With Age of Blood beginning to pick up momentum and it also progressing closer and closer to completion, I thought I would share a few reflections of the level design process and how it shapes me as a level designer. Along the way I will also share ideas/opinions on how levels should be built and why “Unreal Engine 4” has played a big part of our accomplishments at Galaxy Interactive.

Before I get too far ahead of myself and loose you in a disorientating jumble of words, maybe I should tell you a few things about myself? I enjoy long walks on the beach, drinking mojitos, and sailing on my yacht. Who am I kidding; I do none of the previous mentioned activities. Instead I spend my days and nights glued to a flat screen monitor slaving away either developing games or playing them. In many cases the later endeavor occurs more often. Nevertheless I create video games, or attempt to. There have been many instances over the course of my game development career that concepts have never left the prototype stage and even the drawing board stage but the ones that do prevail take hours upon hours of time.

If you haven’t noticed I am an inspiring game developer, or to be more specific a level designer. You know, the person that takes everyone else’s work and makes it complete in a level, builds lighting scenes, and sets up the events in the game. Yeah, that’s me.

Enough about me, what about this game Age of Blood? In the simplest terms it is a third-person-action-adventure-puzzler in which the player controls one of two characters through a mess of sticky situations. Which in most cases are solved with the edge of a blade or the tip of an arrow.

You may be asking yourself by now, what has this guy been working on or contribute to the project? Well, I have been working on the “flooded underground”, a nasty level later on in the game in which “Cael” [one of the two protagonists] has been sent crash landing into. Unlike previous levels that have been showcased with AoB the flooded underground is far darker and full of deadly encounters around every room and corner.


So are you ready to hear about level design finally? I thought so. The first step to creating a level is to map it out. Don’t even touch the editor until you have at least a sketch of the floor plan. Doing so will allow designers to visualize the paths players must take and more importantly plan the “flow” of the level. Flow, what is Flow? Flow is the steps in which the designer wants the player to take. Without it your level would be a trip from location A to location B. With it you can add meaningful encounters, situations, use of mechanics and the overall direction.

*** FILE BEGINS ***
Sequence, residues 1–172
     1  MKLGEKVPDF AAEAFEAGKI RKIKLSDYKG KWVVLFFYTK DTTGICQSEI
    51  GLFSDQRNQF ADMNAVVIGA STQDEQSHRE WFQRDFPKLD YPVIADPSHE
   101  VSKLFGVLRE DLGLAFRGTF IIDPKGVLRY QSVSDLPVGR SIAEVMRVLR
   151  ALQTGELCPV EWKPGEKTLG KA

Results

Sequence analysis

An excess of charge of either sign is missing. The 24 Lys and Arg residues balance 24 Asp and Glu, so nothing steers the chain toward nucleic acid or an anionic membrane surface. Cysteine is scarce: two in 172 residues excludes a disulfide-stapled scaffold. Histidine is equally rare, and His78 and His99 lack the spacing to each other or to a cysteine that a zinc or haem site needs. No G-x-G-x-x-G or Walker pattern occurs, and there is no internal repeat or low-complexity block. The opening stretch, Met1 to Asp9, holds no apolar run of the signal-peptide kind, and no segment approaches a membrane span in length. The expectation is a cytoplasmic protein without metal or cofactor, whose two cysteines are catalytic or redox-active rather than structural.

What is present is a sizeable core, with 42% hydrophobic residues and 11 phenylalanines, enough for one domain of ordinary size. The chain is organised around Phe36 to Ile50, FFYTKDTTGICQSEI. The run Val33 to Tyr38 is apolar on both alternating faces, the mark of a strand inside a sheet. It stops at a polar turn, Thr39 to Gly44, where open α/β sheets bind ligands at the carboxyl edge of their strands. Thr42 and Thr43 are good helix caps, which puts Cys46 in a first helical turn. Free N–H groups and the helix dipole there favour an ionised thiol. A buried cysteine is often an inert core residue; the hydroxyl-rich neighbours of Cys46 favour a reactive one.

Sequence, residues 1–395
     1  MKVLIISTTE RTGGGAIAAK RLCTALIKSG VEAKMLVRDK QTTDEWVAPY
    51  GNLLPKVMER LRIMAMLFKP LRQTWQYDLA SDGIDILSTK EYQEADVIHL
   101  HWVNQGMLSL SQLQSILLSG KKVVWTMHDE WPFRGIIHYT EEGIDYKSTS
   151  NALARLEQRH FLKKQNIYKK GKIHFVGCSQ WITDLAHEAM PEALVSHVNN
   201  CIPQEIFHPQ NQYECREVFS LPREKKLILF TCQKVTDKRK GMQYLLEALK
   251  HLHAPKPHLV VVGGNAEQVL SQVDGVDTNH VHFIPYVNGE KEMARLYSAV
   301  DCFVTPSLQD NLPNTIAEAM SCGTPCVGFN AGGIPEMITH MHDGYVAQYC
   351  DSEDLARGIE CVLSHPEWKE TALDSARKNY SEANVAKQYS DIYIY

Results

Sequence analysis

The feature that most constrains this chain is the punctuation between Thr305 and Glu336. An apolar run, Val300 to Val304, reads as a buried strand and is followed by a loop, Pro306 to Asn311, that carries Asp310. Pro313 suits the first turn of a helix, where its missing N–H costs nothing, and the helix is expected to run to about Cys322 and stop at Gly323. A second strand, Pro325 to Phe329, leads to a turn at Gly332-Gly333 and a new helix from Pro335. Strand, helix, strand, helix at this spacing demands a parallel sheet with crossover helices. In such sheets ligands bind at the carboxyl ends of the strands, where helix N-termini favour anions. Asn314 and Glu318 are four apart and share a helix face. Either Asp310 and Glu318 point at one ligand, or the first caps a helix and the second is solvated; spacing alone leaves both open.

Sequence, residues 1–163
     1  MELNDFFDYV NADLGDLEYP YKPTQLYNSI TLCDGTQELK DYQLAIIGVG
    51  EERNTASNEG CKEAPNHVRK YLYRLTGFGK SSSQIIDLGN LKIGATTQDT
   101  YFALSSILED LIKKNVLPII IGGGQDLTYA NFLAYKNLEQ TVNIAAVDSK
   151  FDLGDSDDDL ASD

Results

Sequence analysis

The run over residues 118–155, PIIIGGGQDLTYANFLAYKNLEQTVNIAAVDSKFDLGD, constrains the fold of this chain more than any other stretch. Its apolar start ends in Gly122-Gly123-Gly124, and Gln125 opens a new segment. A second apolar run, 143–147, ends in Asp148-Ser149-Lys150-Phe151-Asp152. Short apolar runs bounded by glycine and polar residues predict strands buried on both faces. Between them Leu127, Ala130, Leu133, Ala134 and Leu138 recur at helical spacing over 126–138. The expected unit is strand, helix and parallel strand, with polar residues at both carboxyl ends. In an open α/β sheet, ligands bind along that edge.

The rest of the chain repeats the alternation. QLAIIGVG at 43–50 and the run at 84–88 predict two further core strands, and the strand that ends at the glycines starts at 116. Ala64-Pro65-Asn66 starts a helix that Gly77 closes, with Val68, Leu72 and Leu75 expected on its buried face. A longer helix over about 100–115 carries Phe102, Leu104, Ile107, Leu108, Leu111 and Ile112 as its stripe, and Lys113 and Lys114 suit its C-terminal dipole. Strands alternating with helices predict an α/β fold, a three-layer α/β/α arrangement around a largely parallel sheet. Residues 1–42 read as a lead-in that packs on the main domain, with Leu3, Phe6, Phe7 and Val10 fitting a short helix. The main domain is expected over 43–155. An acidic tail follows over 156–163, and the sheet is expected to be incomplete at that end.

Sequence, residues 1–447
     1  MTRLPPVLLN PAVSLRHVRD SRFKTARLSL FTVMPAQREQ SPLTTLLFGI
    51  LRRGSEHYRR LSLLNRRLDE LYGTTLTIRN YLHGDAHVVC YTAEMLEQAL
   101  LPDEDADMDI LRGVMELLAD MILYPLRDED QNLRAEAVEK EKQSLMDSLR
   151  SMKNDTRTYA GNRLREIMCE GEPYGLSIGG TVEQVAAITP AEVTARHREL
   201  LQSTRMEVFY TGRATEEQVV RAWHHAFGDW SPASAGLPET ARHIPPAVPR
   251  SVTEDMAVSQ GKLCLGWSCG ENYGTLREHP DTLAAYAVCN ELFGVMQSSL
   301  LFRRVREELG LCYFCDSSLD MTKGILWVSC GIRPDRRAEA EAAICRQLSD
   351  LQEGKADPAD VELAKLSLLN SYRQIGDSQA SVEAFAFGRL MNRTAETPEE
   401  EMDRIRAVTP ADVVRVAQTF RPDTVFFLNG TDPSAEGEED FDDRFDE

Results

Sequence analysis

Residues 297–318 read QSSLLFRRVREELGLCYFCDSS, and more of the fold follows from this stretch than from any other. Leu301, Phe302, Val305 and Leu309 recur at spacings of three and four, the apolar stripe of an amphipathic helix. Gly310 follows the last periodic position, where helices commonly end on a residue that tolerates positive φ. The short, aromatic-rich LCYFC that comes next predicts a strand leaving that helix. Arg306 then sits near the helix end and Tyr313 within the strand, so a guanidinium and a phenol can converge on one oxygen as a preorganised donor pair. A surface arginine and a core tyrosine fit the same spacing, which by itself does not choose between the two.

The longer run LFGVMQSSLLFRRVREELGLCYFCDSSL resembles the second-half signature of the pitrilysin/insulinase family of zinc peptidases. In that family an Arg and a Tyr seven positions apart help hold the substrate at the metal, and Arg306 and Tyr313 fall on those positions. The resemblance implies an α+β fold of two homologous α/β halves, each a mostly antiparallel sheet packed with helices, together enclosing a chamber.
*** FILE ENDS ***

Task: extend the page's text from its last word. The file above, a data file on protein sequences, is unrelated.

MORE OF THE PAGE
Once you have a visualization of the flow down, its time to step into the editor and put things together. Step one: Block out the level; this can be one of the easiest steps if you do proper research before implementing what goes into the level. For example, the flooded underground has several cave systems and tunnel systems. I spent a vast amount of time studying and looking at the interiors of caves and the catacombs found in Paris. With this knowledge I was able to communicate with our lead environmental artist to create stellar props for the level.

Step two: Get your Blueprint “A” game on and start making your level into an interactive world. With the new standard of game environments you want nothing less than a believable/immersive environment for which the players experiences. One of the first steps you will want to take when starting in blueprints via visual scripting is setting up your overall game [game mode, characters, etc.]. Once you have gotten this out of the way, you can move onto more level specific scripting. Some of these blueprints could include doors opening and closing, moving chandeliers, enemies, falling objects, death-dealing trap, level specific events and cameras.

Step three: Lights! Unless you are making “darkness the game” you will most likely be dealing with spotlights, point lights, directional lights and captures spheres. This is seen by most level designers as the last task to do before completing the level, but I suggest working on it early on to find the correct direction you would like to take the specific level you are working on. It might even same as simple as throwing in a few lights and calling it good, but take it from me, lights can be a pain in the ass and often take much longer to complete than expected.


If you haven’t noticed by now with all the terms I have been using in the above-mentioned spilling of nonsense, AoB is built using the Unreal Engine 4. Why? Why not use another engine like Unity or UE3? This answer is simple and only contains to words; IT’S BETTER. AoB was originally built with Unreal Engine 3 but with the new upgrades the Unreal Engine 4 offered it was immediate that the game needed a change of venue. Not only did it offer ways to get things done more easily but also it just looks fantastic. Anyone who has converted for UE3 to UE4 can tell you the same thing. The new graphical limitations of the engine alone were enough to spark a new motivation to get the game into the hands of players.

I hope you enjoyed my rambling and didn’t look away with blank stare on your face. Look out for Age of Blood later this year and if you haven’t already checked the game out, do so and tell us here at Galaxy Interactive what you think!

– Justin Terry

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